Flyying Colours – ‘Fantasy Country’ review: shoegaze’s heightened reality meets intense inner monologues

The Melbourne band’s first album in five years finds clarity and meaning amid saturated dream-pop vistas

Turning singing into just another hue in a smeared instrumental palette – and burying vocals to the point of obscurity – is a divisive hallmark of shoegaze. Not so with Melbourne quartet Flyying Colours, who newly emphasise lyrics on their second album while still paying robust tribute to the reality-bending subgenre.

Several refrains across ‘Fantasy Country’ even unfold like hopeful incantations, starting with the album’s very first line on ‘Goodtimes’: “I just wanna have a good time / I don’t wanna waste my whole life.” Echoed by guitarist/vocalist Gemma O’Connor, songwriter/frontman Brodie J Brümmer goes on to muse about the simple wonder of getting out in the sunshine among blue skies and singing birds – almost like a yoga sun salutation, but in song form.

‘White Knuckles’ later follows suit with an opening mantra (“White knuckles / eyes open”) that evokes the self-actualising “Gotta be above it” chant heralding Tame Impala’s 2012 album ‘Lonerism’. There’s a dark side to voicing these inner monologues though: sung primarily by O’Connor at a hypnotic lilt, ‘OK’ references taking pills to combat everyday malaise before slipping into the cynical, if somewhat freeing, refrains “Throw it all away” and “Never gonna get it.”

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‘Fantasy Country’ isn’t a downer, though. Brighter and more upbeat than Flyying Colours’ 2016 debut ‘Mindfullness’, this album showcases splashy jangle and effects-streaked melodies at every turn, with clearer vocals and a wider range of sound than ever before. And it’s often quite joyous, from the New Order-meets-‘Dancing In The Dark’ vibes of ‘It’s Real’ to the rhythmic keyboard stabs punctuating the closing ‘Boarding Pass’.

Even as the mood shifts dramatically from song to song, which suits the striking contrasts in the music itself: see the apparent relationship study ‘Big Mess’, which is simultaneously so poppy and so noisy while proceeding at a thrilling gallop. Brümmer’s pillow-soft vocals evoke the early shoegaze days of cult US band Lilys, yet there’s a tangible push-pull between harshness and sweetness that also summons both Dinosaur Jr. and twee-leaning Sarah Records bands.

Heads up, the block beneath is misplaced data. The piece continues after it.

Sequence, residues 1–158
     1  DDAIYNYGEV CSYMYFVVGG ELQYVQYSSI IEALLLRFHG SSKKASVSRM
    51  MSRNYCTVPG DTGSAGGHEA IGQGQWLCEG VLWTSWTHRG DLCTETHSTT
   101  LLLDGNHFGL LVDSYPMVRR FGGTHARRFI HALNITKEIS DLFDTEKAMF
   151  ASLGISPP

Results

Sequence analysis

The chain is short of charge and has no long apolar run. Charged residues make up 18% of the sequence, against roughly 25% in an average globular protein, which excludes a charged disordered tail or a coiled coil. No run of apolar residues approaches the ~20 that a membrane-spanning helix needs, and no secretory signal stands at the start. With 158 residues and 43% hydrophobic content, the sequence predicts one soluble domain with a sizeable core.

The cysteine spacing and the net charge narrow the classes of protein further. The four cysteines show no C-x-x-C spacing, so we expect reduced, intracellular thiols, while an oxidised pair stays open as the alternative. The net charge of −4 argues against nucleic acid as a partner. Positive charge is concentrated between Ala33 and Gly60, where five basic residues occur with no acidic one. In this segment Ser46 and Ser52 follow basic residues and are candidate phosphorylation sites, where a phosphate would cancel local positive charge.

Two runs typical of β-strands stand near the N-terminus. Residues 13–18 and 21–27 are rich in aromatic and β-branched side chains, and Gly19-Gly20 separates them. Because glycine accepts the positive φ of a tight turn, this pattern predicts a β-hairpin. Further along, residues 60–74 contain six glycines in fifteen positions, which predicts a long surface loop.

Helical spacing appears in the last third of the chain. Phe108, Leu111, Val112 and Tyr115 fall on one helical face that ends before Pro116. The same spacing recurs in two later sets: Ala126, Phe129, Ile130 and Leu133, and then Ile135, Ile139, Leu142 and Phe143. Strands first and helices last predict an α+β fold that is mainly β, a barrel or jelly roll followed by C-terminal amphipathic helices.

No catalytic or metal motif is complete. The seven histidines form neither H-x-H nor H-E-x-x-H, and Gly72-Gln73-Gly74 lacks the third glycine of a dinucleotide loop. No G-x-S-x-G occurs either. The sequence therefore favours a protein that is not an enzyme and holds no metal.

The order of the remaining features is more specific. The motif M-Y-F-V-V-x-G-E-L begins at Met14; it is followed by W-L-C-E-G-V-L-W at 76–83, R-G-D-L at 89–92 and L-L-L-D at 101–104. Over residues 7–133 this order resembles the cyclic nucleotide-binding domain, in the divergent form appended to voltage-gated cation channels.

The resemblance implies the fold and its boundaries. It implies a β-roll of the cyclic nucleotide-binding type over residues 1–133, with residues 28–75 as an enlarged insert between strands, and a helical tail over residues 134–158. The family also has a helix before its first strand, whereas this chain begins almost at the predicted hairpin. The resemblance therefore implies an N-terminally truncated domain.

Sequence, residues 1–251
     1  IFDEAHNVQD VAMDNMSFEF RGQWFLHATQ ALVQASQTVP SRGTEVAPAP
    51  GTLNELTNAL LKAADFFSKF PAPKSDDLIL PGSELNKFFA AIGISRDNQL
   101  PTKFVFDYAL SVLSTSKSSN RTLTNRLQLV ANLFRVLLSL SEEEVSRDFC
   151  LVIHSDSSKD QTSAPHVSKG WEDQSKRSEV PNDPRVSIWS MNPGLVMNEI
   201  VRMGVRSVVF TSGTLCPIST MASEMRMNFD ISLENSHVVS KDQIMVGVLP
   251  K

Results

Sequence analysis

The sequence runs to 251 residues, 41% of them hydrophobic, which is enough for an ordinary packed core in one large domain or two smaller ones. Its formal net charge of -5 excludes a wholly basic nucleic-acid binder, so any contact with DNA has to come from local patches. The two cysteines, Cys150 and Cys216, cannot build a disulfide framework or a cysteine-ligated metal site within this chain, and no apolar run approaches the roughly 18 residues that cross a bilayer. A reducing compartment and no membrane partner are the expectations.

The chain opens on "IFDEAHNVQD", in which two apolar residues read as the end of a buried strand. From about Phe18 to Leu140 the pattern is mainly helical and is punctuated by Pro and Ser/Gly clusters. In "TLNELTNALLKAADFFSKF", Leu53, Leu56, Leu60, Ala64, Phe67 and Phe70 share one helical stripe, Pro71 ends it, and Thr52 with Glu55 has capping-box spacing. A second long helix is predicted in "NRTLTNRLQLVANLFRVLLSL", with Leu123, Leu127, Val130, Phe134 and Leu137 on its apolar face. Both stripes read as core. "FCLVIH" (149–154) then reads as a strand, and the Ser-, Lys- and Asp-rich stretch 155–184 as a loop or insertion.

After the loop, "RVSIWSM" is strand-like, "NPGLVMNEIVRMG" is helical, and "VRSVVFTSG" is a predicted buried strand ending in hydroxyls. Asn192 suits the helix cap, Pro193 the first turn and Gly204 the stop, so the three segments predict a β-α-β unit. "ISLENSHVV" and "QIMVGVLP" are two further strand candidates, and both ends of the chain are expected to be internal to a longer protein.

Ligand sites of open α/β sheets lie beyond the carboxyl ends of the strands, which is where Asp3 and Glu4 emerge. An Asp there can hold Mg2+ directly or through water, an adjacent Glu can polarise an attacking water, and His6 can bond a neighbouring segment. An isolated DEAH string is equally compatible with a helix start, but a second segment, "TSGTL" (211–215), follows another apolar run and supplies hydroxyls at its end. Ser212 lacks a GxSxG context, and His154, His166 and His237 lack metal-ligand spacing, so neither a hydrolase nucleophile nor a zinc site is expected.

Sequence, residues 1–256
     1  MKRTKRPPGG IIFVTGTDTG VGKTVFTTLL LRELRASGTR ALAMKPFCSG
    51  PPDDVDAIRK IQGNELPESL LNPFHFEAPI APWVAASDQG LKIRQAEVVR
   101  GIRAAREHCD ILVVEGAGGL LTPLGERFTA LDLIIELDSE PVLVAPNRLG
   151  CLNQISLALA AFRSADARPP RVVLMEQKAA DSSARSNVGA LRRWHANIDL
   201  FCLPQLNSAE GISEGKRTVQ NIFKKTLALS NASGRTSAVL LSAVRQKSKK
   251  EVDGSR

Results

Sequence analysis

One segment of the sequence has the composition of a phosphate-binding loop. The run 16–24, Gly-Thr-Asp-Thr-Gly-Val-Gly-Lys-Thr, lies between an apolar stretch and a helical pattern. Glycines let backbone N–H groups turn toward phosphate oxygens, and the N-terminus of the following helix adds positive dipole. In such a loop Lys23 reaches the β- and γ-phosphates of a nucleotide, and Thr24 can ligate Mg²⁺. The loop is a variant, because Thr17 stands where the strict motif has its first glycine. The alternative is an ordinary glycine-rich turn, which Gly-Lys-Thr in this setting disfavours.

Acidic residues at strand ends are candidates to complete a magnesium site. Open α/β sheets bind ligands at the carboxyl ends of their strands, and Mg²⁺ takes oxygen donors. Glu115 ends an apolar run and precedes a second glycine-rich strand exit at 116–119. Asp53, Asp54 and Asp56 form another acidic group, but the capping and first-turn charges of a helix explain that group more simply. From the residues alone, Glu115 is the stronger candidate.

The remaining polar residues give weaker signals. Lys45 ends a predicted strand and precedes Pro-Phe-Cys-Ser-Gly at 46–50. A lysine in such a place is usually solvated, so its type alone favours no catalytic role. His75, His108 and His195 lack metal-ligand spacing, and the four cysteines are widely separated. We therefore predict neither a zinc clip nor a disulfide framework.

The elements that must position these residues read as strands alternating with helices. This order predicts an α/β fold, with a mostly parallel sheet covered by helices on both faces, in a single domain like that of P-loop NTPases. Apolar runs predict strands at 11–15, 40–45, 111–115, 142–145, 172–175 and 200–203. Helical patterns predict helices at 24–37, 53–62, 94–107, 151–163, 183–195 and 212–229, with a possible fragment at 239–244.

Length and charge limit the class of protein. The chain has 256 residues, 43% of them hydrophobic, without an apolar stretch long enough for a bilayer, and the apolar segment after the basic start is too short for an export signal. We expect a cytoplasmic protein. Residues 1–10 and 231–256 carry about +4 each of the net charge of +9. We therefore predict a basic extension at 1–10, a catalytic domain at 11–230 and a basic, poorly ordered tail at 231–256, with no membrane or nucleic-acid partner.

Musically, these syrupy sermons are all about movement and layers, with bassist Melanie Barbaro and drummer Andy Lloyd-Russell crafting entrancing grooves beneath the spacious dream-pop vistas. Jamming out more on ‘White Knuckles’ (the longest song on the record), the band explore the overlap between driving Krautrock, dank ’60s psychedelia and danceable Madchester. These are pop songs made swirling and almost hallucinogenic, yet always quite controlled.

While ‘Mindfullness’ was a promising flex of Flyying Colours’ deeply studied shoegaze credentials – ticking all the right boxes, but not sounding quite like their own band yet – ‘Fantasy Country’ turns that dense, heightened mode of delivery to more heartfelt and relatable songwriting. Not only can we hear the words, but their meaning is magnified and enriched by the oversaturated swath of sounds. These songs promise realisation and release – only if you’re willing to surrender your sense of direction a bit along the way.

Details

Flyying Colours Fantasy Country album review Australia
  • Release date: February 26
  • Record label: Club AC30/Poison City Records
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